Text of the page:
Year after year, the Swedish language is spoken by a smaller percentage of the world’s population. And year after year, the geographical area where Swedish is spoken shrinks a little. But year after year, Swedish is spoken by an increasing number of people. How does this work?
Although Swedish speakers in Sweden and SW Finland have low nativity figures, and thus lose relative ground locally to Finnish speakers, and globally to the fecund masses of e.g. India, Sweden also receives immigrants who cause the country’s population to grow slowly but steadily. And they all learn Swedish. In my area, which is home to people of 70 different nationalities, you’ll hear Chilean grandmothers talk to Bosnian grandmothers in broken Swedish in the street, while their grandchildren speak fluent native Swedish. In fact, looking at the statistics, I find that about 10 million people speak Swedish daily, and the number is growing. Swedish is thus not a small language, nor one threatened with extinction.
But Föreningen Språkförsvaret (“Language Defence Association”) fears for the future of Swedish. They have kindly sent me a review copy of their new anthology Svenskan – ett språk att äga, älska och ärva, “Swedish, a language to own, love and inherit”, which collects opinion pieces about language issues from the past decade. Specifically, Språkförsvaret fears that Swedish is being replaced or heavily influenced by English.
Swedish is my mother tongue and the language I know best. But I learned English at age four in a Connecticut Kindergarten. I am bilingual, and so are my children. My wife is fluent in three languages. In our house, Swedish, English and Mandarin are spoken and written daily, and with some flair I’m proud to say. I write this blog though, as well as books and papers about my research, in English in order to reach a global audience. I could write them a bit better and faster in Swedish, but few who share my interests would be able to read them.
I’ll just disregard the clearly unfounded fear that Swedish might be going extinct. As for Swedish changing, I’d like to point out that before AD 800, linguists see no reason to differentiate between the Scandinavian languages. That is, the Swedish language originated 1200 years ago as an effect of language change. It has since been heavily influenced by Low German in the High Middle Ages, by French in the Enlightenment period, by High German up until the Second World War, and by English after that war ended. In Forskning och Framsteg 2011:8 (p. 51) Henrik Höjer recounts the exact same fears as Språkförsvaret voices, only regarding the threat from High German, and published in a 1906 book by one O.C. Kjellberg.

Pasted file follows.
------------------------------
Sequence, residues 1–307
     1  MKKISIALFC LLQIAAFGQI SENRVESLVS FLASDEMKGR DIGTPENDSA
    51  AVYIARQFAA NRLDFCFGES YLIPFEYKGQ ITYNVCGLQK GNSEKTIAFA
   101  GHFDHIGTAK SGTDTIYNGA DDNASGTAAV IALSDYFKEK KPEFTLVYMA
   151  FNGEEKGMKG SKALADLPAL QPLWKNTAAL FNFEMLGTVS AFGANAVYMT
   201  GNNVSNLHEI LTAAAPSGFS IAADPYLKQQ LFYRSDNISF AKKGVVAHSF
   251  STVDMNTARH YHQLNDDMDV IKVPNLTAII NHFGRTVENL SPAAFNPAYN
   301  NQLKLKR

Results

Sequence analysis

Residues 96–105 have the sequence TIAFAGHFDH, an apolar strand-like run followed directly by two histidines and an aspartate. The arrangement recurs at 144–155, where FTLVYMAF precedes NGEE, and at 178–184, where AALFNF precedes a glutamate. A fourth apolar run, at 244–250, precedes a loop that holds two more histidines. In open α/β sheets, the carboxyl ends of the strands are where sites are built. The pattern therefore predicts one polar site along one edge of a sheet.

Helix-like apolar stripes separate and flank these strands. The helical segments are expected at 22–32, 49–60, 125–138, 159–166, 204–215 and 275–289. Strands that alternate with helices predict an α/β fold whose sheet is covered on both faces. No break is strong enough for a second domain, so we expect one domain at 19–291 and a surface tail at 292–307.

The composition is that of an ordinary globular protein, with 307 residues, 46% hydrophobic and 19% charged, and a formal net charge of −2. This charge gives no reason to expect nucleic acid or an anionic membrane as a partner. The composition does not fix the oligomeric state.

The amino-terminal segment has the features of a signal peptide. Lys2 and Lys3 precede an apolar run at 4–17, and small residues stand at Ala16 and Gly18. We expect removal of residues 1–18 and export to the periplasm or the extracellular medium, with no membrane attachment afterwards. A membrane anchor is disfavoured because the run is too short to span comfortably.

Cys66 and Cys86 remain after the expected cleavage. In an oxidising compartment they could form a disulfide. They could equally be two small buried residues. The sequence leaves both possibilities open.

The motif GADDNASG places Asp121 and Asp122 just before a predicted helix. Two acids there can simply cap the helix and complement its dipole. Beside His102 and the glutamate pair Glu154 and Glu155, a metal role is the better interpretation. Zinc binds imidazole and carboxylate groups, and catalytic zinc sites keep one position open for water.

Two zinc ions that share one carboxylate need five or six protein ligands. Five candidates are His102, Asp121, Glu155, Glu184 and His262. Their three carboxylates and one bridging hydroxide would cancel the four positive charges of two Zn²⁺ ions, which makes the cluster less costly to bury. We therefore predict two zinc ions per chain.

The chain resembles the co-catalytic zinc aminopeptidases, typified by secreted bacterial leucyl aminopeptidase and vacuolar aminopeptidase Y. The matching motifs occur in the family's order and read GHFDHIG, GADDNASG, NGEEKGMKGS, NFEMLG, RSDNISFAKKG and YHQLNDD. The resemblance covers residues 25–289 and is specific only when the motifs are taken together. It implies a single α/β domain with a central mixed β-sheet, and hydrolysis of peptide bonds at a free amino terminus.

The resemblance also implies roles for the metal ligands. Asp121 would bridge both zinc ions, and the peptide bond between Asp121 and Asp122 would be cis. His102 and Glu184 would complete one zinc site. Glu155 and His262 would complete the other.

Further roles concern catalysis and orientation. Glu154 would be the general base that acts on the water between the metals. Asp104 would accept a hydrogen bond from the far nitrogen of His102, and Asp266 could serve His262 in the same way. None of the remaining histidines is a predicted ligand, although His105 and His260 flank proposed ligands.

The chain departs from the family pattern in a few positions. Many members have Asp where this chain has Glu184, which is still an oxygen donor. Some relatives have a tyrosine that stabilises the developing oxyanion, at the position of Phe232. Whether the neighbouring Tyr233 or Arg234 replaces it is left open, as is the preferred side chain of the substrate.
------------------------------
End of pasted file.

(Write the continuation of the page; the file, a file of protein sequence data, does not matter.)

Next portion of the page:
Studying Språkförsvaret’s writings, you will find that they are driven by a mainly inclusive, non-xenophobic Swedish nationalism. They want EU parliamentarians to speak Swedish in Brussels. They keep referring to the competitive edge of Swedish industry, which they unsuccessfully try to make hinge upon the qualities of Swedish engineering terminology! (And I must admit that as a rhetorical device, the fortunes of that said industry packs no visceral punch whatsoever with me.)
Språkförsvaret’s rhetoric sometimes brings to mind paranoid extreme right sloganeering, with “high treason, a kind of national suicide initiated on society’s highest levels” (p. 13), “voluntary colonisation” (p. 30), and “… we have many leaders in this country, that is politicians, corporate leaders and others, who completely seem to have lost loyalty with their country when it comes to the language” (p. 30). Also, Språkförsvaret is to some extent motivated by their personal interests as language teachers and interpreters – non-English languages, that is. Not very selfless when you think about it, though many of the members appear to be of retirement age.
No, I don’t fear for the Swedish language. And to tell the truth, I wouldn’t actually care much if it were indeed threatened. Because as an archaeologist and a multilingual citizen of the world, I see the issue in a long-term cultural relativist light. People in my part of the world didn’t speak Swedish 1200 years ago and possibly they won’t 1200 years from now. Swedes didn’t know much English 100 years ago, and possibly they won’t 100 years from now. But they will continue to speak. And that’s what matters.
Lindblom, Per-Åke & Rubensson, Arne (eds). 2011. Svenskan – ett språk att äga, älska och ärva. Stockholm. 152 pp. ISBN 978-91-633-9292-4.
Update 8 November: And Språkförsvaret replies.